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Kenya poll result reveals deep stress on democratic institutions

The reality is that the entire range of Kenya's democratic institutions is in crisis. The weight of the state was brought to bear on this election in a way never seen before.

John Onyando
12 March 2013

The two main news conferences after the declaration of Kenya’s
presidential election results Saturday echoed sharp differences in the
country regarding the role local media played in the elections. While
rejecting the results, CORD presidential candidate Raila Odinga was
asked why the media routinely downplayed the many objections his party
had raised over the last five days of vote tallying. “It is part of a
conspiracy,” he said. Minutes later, Uhuru Kenyatta who had been
declared the winner paid a glowing tribute to the media, calling it
“mature” and “responsible.”

With Mr Odinga challenging the result in the Supreme Court, national
attention is riveted on the five men and a woman who constitute
the court. But the outpouring of faith in the last one institution
with the mandate to safeguard the legitimacy of the election overlooks
the conscious failure of literally every organ that came before it.
The media is conveniently pushing the line of the court’s independence
without examining how its own independence has been used.

The reality is that the entire range of Kenya's democratic
institutions is in crisis. The weight of the state was brought to bear
on this election in a way never seen before. Kenyatta's win is being
so ambitiously projected as a fait accompli that the UK Financial
Times noted in a report today that even the diplomatic community,
often a last flank of Kenyan society, is beginning to "appear fearful
of the consequences of rocking the boat."

After all the incredible reforms Kenya has made over the last five
years, it came as a surprise that the country could end up with an
election more tainted than even the previous one, which precipitated
violence and international intervention that paved the way for
sweeping reforms and the involvement of the International Criminal
Court. But the result was not a surprise to ardent Kenya watchers who
had seen every legal and political decision towards Kenyatta’s win
carefully tailored for the outcome.

The electoral, Independent Electoral and Boundaries Commission, was at
the heart of fixing the election. Official results from the Commission
reveal massive fraud in the tabulation of vote tallies that could
never have escaped casual prudence. The voters’ register was brazenly
doctored, with thousands of voters from Odinga strongholds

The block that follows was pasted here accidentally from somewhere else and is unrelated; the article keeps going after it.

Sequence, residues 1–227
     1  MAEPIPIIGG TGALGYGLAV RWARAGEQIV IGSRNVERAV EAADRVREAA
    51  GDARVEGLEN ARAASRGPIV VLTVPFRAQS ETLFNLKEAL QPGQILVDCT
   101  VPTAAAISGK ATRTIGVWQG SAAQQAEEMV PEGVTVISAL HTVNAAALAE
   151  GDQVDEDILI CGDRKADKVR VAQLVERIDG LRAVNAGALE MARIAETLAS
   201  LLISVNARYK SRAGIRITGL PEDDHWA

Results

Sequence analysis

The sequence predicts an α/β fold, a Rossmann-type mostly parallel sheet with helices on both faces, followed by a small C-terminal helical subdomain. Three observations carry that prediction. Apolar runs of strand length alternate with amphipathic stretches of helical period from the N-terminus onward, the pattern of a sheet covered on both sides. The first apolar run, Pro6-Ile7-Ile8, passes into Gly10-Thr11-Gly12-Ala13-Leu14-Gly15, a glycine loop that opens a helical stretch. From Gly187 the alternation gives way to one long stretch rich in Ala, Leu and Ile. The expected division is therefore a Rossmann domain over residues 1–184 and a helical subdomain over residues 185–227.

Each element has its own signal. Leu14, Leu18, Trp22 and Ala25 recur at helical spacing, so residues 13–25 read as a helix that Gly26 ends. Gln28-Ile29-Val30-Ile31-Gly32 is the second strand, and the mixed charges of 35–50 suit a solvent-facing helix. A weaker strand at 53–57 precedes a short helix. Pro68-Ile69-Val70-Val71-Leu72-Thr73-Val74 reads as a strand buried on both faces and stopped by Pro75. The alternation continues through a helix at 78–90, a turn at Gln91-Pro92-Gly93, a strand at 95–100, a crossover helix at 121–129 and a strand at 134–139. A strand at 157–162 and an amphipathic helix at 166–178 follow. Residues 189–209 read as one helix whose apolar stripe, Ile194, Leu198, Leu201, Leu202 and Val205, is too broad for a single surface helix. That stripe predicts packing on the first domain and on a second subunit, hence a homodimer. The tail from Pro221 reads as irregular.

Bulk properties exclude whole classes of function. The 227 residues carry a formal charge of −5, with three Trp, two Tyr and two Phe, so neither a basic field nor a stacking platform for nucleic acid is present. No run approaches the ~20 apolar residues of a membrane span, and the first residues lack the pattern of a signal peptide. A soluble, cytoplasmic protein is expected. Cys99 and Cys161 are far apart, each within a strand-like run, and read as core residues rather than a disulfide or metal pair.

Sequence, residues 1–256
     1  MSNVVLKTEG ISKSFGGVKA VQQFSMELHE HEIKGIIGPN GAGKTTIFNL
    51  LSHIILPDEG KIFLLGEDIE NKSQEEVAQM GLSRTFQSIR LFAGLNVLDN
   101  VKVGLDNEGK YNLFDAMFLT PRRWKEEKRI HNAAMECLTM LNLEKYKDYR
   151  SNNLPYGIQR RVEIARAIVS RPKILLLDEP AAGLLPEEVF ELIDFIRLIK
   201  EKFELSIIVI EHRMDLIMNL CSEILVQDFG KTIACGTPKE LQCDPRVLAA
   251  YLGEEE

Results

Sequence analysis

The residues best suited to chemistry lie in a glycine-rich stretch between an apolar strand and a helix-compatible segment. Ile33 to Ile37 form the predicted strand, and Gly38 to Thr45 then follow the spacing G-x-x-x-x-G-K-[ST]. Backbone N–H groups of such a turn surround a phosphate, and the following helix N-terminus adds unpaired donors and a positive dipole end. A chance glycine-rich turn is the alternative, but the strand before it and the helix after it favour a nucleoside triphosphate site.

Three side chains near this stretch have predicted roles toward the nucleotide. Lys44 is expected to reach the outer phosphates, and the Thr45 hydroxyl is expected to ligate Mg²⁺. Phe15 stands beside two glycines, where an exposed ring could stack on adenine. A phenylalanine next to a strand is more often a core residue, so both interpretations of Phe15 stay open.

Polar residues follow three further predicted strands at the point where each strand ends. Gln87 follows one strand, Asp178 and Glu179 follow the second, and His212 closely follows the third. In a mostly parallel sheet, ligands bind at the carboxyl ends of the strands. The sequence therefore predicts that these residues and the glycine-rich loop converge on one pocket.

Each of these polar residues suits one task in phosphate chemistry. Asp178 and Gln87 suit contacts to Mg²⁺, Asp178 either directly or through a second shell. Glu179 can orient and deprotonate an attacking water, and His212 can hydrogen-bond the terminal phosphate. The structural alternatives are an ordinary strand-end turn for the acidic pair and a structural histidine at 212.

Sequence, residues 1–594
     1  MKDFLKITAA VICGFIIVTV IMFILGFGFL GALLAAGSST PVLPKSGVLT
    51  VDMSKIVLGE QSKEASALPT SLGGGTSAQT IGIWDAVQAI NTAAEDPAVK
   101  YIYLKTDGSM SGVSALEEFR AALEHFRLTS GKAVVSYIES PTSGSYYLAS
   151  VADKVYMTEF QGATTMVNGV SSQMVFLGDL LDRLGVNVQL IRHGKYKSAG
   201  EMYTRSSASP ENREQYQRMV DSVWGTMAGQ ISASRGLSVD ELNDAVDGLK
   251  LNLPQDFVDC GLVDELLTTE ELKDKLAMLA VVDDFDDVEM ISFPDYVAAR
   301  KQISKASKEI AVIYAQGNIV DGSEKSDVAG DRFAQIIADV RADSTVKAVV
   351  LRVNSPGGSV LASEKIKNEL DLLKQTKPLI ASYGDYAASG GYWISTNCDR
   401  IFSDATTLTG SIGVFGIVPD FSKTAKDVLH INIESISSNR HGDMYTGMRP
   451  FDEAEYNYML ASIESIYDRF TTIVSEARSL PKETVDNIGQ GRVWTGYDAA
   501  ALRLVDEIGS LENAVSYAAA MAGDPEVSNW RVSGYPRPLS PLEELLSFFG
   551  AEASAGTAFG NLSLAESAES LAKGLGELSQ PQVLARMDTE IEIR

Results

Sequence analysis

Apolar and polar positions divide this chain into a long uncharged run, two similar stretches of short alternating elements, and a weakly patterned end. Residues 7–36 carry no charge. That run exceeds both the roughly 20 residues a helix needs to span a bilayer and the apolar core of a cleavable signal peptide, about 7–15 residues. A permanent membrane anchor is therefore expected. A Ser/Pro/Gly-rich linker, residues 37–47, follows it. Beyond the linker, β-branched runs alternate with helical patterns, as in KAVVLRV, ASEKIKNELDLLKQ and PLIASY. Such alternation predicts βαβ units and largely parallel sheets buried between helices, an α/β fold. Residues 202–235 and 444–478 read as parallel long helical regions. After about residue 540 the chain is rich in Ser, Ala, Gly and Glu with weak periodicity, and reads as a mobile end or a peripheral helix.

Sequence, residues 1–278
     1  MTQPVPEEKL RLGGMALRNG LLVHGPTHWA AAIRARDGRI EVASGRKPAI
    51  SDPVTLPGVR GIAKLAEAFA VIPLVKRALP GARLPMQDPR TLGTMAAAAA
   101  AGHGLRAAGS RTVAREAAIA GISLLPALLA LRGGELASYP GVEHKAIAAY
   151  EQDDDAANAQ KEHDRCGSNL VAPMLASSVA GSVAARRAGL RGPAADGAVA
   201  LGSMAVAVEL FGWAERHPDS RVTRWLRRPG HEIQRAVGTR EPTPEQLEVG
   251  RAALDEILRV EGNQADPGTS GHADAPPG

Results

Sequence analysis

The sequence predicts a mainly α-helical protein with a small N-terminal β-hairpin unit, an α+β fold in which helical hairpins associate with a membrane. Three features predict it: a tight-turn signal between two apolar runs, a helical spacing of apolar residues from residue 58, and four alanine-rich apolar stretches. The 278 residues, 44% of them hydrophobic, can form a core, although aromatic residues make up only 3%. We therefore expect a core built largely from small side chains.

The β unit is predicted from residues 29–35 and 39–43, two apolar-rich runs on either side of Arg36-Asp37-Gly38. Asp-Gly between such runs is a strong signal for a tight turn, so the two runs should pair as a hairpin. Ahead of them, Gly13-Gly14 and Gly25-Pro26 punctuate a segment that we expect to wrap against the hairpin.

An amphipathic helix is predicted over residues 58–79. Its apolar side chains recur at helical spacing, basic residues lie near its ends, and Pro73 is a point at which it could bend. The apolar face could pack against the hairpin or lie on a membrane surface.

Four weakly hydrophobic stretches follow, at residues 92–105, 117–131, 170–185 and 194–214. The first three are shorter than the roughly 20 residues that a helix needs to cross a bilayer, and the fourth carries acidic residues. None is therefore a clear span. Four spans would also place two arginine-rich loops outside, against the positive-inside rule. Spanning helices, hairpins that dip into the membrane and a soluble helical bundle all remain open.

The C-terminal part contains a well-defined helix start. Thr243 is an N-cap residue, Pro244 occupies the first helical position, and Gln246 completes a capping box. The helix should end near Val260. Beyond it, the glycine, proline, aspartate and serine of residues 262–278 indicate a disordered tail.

disenfranchised to create phantom votes in areas where Kenyatta needed
them.

Weeks to the election, fears were rife about IEBC, whose integrity was
in doubt following credible information linking its top officials to
corruption in tendering. What was not certain was whether some of its
ten commissioners would be courageous enough to differ with the
corrupted colleagues in the event that the rigging became evident to them.
In the end, they all stuck together.

The declaration of Kenyatta's win was only the climax of a game in
which IEBC appeared indifferent to circumstances that would militate
against a free election. For months after Mr Kenyatta and his running
mate William Ruto were indicted at the ICC for crimes arising from the
violence of the last election, IEBC maintained that a decision on
whether the two could run was a preserve of the courts, where a case
was pending about whether individuals facing charges for heinous
crimes qualified to stand for presidential elections in a country
whose institutions are aiming towards consolidating democracy.

In the last 24 hours, while Kenyans are still debating the conduct of
the vote tallying, the media is pushing Kenyatta down their throats
through ingratiating reporting on discredited IEBC numbers and Uhuru’s
childhood in the Kenyatta household. It was common during the single
party era for Kenyans to get authoritative news from the BBC and not
local media. It seems we are back to those days. Comprehensive
accounts of the calculated ineptness that led to the electoral
commission declaration have been carried by the New York Times, BBC,
Financial Times and others but not local media.

The Supreme Court that everyone is writing lovingly about is no doubt
composed of Kenya’s best legal minds, including three men who have
suffered for reforms. However, it is untested, and Kenyans know the
pressures they will be brought under. Chief Justice Willy Mutunga just
before the election went public about threats to his life. The court
might surprise Kenyans by ruling on the facts and evidence, for if
anything history is made in times of crises. But any grand optimism is
premature.

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